4. repec:eee:energy:v:135:y:2017:i:c:p:913-929 is not listed on IDEAS
    5. repec:eee:rensus:v:75:y:2017:i:c:p:393-401 is not listed on IDEAS
    6. Blyth, William & McCarthy, Rory & Gross, Robert, 2015. "Financing the UK power sector: Is the money available?," Energy Policy, Elsevier, vol. 87(C), pages 607-622.
    7. Purkayastha Dhruba, 2018. "Managing Credit Risk and Improving Access to Finance in Green Energy Projects," Working Papers id:12890, eSocialSciences.
    8. repec:eee:riibaf:v:42:y:2017:i:c:p:468-479 is not listed on IDEAS
    9. Kelly-Richards, Sarah & Silber-Coats, Noah & Crootof, Arica & Tecklin, David & Bauer, Carl, 2017. "Governing the transition to renewable energy: A review of impacts and policy issues in the small hydropower boom," Energy Policy, Elsevier, vol. 101(C), pages 251-264.
    10. Ngan, Sue Lin & How, Bing Shen & Teng, Sin Yong & Promentilla, Michael Angelo B. & Yatim, Puan & Er, Ah Choy & Lam, Hon Loong, 2019. "Prioritization of sustainability indicators for promoting the circular economy: The case of developing countries," MPRA Paper 95450, University Library of Munich, Germany, revised 01 Jun 2019.

    More about this item


    green bonds; green growth; infrastructure; insurance companies; pension funds;

    JEL classification:

    • G15 - Financial Economics - - General Financial Markets - - - International Financial Markets
    • G18 - Financial Economics - - General Financial Markets - - - Government Policy and Regulation
    • G23 - Financial Economics - - Financial Institutions and Services - - - Non-bank Financial Institutions; Financial Instruments; Institutional Investors
    • G28 - Financial Economics - - Financial Institutions and Services - - - Government Policy and Regulation
    • J26 - Labor and Demographic Economics - - Demand and Supply of Labor - - - Retirement; Retirement Policies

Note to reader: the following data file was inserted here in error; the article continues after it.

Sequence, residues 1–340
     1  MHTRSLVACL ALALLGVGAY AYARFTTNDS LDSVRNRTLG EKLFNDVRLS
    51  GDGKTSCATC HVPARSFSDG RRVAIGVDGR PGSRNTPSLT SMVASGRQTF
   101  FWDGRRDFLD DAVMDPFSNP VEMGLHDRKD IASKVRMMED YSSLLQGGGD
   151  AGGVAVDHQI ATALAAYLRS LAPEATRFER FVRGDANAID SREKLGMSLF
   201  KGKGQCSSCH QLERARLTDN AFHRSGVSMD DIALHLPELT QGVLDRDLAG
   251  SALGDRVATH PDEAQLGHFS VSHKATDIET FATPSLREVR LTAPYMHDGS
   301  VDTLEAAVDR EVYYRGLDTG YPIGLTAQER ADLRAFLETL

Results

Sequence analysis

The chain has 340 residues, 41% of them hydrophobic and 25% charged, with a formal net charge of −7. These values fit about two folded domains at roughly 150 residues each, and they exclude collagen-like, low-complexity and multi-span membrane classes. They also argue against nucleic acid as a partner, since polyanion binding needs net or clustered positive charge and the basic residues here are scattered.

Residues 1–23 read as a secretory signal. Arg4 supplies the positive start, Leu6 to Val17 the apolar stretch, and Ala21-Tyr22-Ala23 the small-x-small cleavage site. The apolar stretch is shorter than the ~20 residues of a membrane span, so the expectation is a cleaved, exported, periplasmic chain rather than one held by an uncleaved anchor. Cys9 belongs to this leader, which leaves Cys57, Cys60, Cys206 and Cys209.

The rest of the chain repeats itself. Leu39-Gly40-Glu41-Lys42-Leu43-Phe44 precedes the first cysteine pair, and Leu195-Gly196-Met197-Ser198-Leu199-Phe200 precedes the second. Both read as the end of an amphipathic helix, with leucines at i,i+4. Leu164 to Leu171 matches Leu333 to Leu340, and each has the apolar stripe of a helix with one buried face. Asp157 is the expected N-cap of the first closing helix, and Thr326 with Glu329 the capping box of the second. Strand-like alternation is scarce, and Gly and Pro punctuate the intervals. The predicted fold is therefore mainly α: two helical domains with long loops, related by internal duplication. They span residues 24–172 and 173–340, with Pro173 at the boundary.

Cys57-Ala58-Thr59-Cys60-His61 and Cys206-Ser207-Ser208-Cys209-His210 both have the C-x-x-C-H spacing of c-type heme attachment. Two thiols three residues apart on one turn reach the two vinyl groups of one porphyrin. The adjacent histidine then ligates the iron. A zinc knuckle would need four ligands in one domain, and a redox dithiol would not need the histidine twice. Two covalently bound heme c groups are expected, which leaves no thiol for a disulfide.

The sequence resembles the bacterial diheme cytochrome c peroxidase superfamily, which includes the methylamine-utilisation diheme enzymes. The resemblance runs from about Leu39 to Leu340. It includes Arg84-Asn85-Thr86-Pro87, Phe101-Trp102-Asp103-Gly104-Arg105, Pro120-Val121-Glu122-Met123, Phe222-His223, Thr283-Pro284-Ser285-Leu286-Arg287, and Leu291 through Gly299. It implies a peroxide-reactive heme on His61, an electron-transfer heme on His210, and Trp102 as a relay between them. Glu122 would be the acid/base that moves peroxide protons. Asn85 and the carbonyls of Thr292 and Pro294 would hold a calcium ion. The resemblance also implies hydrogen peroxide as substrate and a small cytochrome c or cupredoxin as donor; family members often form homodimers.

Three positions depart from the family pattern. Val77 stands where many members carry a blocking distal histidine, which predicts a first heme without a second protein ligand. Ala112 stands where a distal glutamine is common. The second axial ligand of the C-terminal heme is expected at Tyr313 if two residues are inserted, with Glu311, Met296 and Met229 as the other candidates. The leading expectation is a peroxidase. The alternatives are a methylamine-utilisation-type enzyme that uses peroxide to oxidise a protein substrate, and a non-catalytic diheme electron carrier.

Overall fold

NEP fields

    This paper has been announced in the following NEP Reports:


    Access and download statistics


    All material on this site has been provided by the respective publishers and authors. You can help correct errors and omissions. When requesting a correction, please mention this item's handle: RePEc:oec:dafaad:23-en. See general information about how to correct material in RePEc.

    For technical questions regarding this item, or to correct its authors, title, abstract, bibliographic or download information, contact: (). General contact details of provider: .

    If you have authored this item and are not yet registered with RePEc, we encourage you to do it here. This allows to link your profile to this item. It also allows you to accept potential citations to this item that we are uncertain about.

    We have no references for this item. You can help adding them by using this form .

    If you know of missing items citing this one, you can help us creating those links by adding the relevant references in the same way as above, for each refering item. If you are a registered author of this item, you may also want to check the "citations" tab in your RePEc Author Service profile, as there may be some citations waiting for confirmation.

    Please note that corrections may take a couple of weeks to filter through the various RePEc services.

    IDEAS is a RePEc service hosted by the Research Division of the Federal Reserve Bank of St. Louis . RePEc uses bibliographic data supplied by the respective publishers.